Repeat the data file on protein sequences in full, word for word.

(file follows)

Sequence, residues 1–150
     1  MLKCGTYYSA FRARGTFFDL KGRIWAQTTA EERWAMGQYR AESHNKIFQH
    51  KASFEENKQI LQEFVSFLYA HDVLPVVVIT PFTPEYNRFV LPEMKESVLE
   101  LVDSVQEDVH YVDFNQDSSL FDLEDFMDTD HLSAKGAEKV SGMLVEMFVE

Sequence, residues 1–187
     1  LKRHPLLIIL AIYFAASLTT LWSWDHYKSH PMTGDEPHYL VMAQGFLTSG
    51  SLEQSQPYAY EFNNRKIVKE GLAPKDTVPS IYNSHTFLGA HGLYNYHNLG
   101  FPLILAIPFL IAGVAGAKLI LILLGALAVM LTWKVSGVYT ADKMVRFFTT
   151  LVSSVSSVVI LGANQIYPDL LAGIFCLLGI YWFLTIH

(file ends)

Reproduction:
Sequence, residues 1–150
     1  MLKCGTYYSA FRARGTFFDL KGRIWAQTTA EERWAMGQYR AESHNKIFQH
    51  KASFEENKQI LQEFVSFLYA HDVLPVVVIT PFTPEYNRFV LPEMKESVLE
   101  LVDSVQEDVH YVDFNQDSSL FDLEDFMDTD HLSAKGAEKV SGMLVEMFVE

Sequence, residues 1–187
     1  LKRHPLLIIL AIYFAASLTT LWSWDHYKSH PMTGDEPHYL VMAQGFLTSG
    51  SLEQSQPYAY EFNNRKIVKE GLAPKDTVPS IYNSHTFLGA HGLYNYHNLG
   101  FPLILAIPFL IAGVAGAKLI LILLGALAVM LTWKVSGVYT ADKMVRFFTT
   151  LVSSVSSVVI LGANQIYPDL LAGIFCLLGI YWFLTIH